Sunday, March 1, 2009

Revolutionary Road

I just saw "Revolutionary Road" on Friday night at the Riverview Theater. (Awesome old discount movie theater in Minneapolis.) It was just heartbreakingly beautiful. Leonardo DiCaprio and Kate Winslet are both outstanding in it. Leo really got screwed by not getting nominated for an Oscar for his role. Of course, Kate should have been nominated too, but the Oscar rules are such that you can only be nominated once in any category. Michael Shannon, nominated for Supporting Actor, is good, but his part is just so showy. Shannon thankfully doesn't overplay it, but it puzzles me that the Academy could nominate him and overlook Leo.

"Revolutionary Road" follows Frank and April Wheeler as they try to rescue their marriage from the morass it's in at the beginning of the movie. We see a brief scene of their courtship, and then we are thrown into an intense argument they have following April's acting at the community theater. It's obvious that Frank and April know which buttons to push with each other. The following Monday, Frank turns 30 and seduces one of the secretaries at his office. (Leo still looks too young to be turning 30, even though he's 34.) The secretary isn't prettier than April, or more flirtatious, or anything, she's just there. As he leaves her apartment, Frank says, "Listen: you were swell. Take care, now." Ouch! When he gets home, Frank finds that April has baked a birthday cake for him, and their two children serenade him with "Happy Birthday." Frank feels like a heel, as he should, and after dinner April suggests to him that they move to Paris so Frank can "find himself." They start planning the move. Inevitably, complications occur. And I'll leave the plot summary there. Oh, one more thing, this movie shows why you should NEVER let someone else drive your spouse home! I've read enough John Updike and John Cheever short stories to know that nothing good will come of it.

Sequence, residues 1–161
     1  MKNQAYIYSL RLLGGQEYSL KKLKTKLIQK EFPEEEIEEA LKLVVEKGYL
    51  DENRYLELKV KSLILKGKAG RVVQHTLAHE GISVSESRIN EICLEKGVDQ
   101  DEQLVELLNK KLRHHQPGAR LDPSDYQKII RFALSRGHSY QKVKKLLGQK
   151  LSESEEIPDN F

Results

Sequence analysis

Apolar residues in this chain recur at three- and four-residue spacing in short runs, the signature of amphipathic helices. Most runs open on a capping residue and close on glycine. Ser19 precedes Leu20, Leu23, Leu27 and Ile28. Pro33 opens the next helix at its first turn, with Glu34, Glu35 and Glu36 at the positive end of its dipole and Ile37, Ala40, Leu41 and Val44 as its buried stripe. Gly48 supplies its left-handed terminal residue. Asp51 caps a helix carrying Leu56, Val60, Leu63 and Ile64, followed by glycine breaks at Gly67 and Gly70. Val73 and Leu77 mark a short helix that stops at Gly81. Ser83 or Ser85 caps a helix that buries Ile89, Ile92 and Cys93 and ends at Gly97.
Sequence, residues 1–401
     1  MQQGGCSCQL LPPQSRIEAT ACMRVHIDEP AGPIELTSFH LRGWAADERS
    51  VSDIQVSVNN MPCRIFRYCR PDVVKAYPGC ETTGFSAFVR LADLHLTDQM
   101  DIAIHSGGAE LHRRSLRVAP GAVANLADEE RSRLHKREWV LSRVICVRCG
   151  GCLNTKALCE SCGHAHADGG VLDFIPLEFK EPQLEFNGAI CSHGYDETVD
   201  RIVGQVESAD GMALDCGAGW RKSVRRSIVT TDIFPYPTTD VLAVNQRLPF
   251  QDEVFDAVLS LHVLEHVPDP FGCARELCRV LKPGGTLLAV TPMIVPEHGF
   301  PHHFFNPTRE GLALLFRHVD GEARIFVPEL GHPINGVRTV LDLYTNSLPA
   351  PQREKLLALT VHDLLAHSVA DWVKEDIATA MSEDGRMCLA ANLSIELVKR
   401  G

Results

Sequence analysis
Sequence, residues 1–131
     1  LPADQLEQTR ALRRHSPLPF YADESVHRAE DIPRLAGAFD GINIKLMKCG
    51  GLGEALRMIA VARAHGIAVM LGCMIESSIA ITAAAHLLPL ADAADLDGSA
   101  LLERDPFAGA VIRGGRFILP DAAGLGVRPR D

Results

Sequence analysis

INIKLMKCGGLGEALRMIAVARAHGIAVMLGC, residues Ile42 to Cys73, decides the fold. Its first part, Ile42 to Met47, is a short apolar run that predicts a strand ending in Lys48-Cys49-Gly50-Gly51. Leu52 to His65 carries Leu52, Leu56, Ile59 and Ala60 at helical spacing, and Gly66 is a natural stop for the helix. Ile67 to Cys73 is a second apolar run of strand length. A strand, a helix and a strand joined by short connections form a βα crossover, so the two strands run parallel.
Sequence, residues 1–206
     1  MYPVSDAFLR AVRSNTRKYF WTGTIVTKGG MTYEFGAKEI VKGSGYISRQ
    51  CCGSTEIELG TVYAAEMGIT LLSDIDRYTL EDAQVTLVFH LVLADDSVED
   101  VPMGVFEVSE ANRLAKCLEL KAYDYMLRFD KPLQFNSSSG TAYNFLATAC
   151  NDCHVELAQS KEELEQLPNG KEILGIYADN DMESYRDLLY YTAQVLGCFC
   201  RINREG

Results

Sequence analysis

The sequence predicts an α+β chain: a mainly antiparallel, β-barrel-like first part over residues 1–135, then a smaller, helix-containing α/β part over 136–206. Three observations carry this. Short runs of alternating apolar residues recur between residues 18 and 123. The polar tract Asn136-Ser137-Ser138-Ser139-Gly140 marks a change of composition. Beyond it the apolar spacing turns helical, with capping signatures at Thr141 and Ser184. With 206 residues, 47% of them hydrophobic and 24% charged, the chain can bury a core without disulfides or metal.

Anyway, go see "Revolutionary Road," revel in the beautiful period detail, and the gorgeous shots of DiCaprio standing in Grand Central Station surrounded by men dressed exactly alike, and then go read the novel by Richard Yates. (I haven't read the book yet, it's next on my list.)

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